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Summer food safety tips

Summer food safety tips

Forget spiders and brown snakes, one of the biggest dangers of the Australian summer is sitting on your plate.

With temperatures rising and running well into the night, the risk of food spoilage is often dismissed. After all, no one jumps at the task of storing the leftovers away sensibly when they’ve got a belly full of skewers and salad at the backyard barbecue. Instead, we often leave the trays and plates sitting out for hours before even thinking about popping them into the fridge.

Each year, millions of Aussies get severely ill from food poisoning so it’s no wonder why it’s so important to ensure we stay ahead of the curb when it comes to safely storing and consuming our food. Most of the time, we overestimate how long our food can safely sit out – especially during the warmer months. 

Here are a few quick lessons in food safety to help keep your delicious dishes edible throughout summer.

Mind your sauces and marinades

If you love basting on the barbecue, don’t use the same marinade the meat was sitting it – try to use a fresh batch of sauce instead. This will prevent bacteria found in raw meat from being cross contaminated onto the cooked meat. 

Don’t leave food out too long

You shouldn’t leave food sitting out for more than two hours – the bacteria and toxins released can’t always be killed when reheated. So, at your next barbecue, try to pack leftover food away in the fridge or make take home packs for your guests right after everyone finishes eating.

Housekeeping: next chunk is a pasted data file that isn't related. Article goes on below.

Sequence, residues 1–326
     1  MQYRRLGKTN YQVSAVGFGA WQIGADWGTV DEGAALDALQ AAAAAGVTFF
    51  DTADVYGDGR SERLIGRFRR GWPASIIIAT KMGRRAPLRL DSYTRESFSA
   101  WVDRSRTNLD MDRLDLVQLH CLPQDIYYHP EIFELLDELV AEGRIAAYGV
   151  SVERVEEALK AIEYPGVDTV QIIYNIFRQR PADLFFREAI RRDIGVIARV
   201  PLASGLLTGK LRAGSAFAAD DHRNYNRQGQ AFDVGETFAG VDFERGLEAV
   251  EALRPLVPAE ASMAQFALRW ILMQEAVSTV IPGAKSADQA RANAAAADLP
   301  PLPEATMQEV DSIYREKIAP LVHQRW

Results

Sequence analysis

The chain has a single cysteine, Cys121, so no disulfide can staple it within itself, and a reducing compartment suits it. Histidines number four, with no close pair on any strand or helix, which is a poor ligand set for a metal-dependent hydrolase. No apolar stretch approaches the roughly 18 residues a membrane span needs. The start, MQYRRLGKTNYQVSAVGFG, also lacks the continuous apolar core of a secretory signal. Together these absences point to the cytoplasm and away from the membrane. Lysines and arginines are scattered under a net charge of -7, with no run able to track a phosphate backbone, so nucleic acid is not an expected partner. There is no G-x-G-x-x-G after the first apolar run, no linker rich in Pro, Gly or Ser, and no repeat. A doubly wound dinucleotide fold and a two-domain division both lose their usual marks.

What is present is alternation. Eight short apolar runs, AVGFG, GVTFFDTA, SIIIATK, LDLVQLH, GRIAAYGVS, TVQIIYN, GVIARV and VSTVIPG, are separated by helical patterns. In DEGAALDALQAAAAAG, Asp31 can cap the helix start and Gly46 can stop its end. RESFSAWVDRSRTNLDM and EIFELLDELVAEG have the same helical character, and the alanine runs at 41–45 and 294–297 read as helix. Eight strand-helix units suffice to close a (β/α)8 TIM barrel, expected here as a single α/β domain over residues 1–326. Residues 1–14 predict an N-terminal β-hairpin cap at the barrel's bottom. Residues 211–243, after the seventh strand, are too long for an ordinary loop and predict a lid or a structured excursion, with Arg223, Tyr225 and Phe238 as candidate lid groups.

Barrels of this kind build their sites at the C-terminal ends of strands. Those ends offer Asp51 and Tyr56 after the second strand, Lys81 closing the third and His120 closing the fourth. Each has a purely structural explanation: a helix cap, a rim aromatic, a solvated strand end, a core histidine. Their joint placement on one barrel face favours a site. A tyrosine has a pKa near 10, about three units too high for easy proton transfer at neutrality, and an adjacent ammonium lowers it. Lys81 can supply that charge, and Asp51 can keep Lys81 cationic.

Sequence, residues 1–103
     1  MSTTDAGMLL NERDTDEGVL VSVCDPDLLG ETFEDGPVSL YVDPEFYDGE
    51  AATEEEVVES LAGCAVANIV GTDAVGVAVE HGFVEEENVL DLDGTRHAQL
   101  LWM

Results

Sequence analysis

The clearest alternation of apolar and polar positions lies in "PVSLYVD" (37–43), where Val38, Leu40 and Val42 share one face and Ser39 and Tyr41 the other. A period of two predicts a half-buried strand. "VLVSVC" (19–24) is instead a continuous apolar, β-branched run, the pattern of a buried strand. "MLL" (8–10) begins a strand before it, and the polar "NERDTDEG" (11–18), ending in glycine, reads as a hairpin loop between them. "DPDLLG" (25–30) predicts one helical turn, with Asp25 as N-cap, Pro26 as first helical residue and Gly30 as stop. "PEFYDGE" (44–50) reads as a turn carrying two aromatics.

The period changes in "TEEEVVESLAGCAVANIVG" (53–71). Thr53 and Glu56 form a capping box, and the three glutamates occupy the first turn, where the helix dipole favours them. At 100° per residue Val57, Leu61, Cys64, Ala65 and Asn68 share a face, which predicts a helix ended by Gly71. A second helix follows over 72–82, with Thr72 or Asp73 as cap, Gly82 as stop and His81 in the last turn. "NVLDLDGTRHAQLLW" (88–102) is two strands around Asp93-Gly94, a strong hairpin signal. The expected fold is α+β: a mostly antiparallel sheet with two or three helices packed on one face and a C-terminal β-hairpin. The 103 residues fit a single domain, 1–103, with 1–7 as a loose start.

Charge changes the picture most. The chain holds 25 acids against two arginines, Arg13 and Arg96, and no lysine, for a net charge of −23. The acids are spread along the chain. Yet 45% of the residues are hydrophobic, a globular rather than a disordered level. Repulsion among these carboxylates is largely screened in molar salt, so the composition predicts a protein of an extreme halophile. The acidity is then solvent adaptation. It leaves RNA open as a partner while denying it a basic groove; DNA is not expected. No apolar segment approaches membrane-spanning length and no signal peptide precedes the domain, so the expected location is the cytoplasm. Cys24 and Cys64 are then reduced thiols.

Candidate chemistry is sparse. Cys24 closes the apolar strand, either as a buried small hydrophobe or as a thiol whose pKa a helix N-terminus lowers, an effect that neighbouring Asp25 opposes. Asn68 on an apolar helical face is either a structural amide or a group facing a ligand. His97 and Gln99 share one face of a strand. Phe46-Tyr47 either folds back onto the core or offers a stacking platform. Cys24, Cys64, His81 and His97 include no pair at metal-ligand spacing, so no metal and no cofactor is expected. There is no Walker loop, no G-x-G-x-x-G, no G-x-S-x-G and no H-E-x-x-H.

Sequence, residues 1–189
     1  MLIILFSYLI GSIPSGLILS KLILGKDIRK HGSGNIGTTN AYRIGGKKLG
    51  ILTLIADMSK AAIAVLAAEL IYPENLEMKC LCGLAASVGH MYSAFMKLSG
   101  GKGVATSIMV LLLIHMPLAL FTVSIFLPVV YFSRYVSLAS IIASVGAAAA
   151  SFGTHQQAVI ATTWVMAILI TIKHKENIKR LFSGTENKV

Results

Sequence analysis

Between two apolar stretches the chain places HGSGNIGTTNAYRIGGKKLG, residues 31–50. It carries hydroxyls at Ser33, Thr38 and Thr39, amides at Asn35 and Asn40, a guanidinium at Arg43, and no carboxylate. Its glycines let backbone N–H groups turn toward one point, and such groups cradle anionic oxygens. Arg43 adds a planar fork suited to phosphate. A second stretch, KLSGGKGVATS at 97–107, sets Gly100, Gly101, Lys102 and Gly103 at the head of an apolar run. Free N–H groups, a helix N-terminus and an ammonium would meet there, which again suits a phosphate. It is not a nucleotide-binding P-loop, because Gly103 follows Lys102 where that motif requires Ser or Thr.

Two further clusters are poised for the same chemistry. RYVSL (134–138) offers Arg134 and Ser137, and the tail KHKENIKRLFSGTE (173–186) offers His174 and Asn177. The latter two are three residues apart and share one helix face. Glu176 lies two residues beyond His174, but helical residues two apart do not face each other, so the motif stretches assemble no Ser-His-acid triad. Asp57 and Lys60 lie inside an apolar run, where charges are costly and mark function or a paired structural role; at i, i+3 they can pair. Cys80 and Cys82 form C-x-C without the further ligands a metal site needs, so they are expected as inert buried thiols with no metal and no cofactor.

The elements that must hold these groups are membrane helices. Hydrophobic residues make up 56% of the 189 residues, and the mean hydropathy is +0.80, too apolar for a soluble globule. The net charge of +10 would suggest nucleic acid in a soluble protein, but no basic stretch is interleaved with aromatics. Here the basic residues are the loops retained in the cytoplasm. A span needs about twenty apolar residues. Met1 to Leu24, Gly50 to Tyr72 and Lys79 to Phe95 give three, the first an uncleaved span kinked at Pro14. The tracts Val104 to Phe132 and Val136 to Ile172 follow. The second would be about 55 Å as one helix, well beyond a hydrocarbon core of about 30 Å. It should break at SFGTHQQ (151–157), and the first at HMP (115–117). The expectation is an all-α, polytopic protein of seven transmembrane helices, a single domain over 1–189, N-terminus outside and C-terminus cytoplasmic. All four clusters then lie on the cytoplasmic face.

Keep the lids on

If you enjoy a cold beverage, always put the lids back on the bottle after opening them to avoid flies and other insects from spreading germs into the openings – or even falling into the contents of the bottle. The last thing you want is to take a sip of your lemonade and end up swallowing a fly!

Keep your groceries cool

When you do your weekly shop at the supermarket, make sure you keep your food items cool on the ride home – and get perishable items to the fridge as quickly as possible. Your boot is usually the hottest place in your car, yet it’s the most commonly used compartment to transport groceries. On particularly hot days, pack your groceries into the back seat and turn on the air conditioning. Otherwise, you can always store them in a cooler bag for the trip home.

Keep your food hot while waiting for guests

Are guests late to the party but you’ve already cooked the food? No worries. Keep it warm (and safe to eat) by popping it into the oven at 140 degrees. This won’t overcook the food, but it will keep it fresh.

Careful with the condiments

Avoid leaving condiments like tomato sauce, mustard, and mayonnaise out in the sun while you're waiting for the food to cook. Bring them out only when the food is served and ready to eat, and pop them away as soon as they’re no longer needed.

Mouldy cheese: is it safe to eat?

Many people wrongly believe that it’s OK to eat cheese that’s grown mould as long as the mould portion is cut away. When in reality, mould spores can penetrate more deeply than many realise. Unless you’re talking about a cheese variety where mould is part of the mix naturally – like blue cheese or gorgonzola – cheese that’s grown mould should be sent straight to the bin, not to your mouth.

How long is too long?

It might be tempting to eat mum’s leftover lasagne but if it’s been in the fridge for longer than three days it’s probably best to bin it. Taking a chance on eating food that’s been left in the fridge for too long can spur on food poisoning and all sorts of bacterial infections that can upset your stomach.

Did you know?

With NRMA Content Insurance, if your fridge stops working after a covered event, we foot the cost of spoiled food and prescription medicine.

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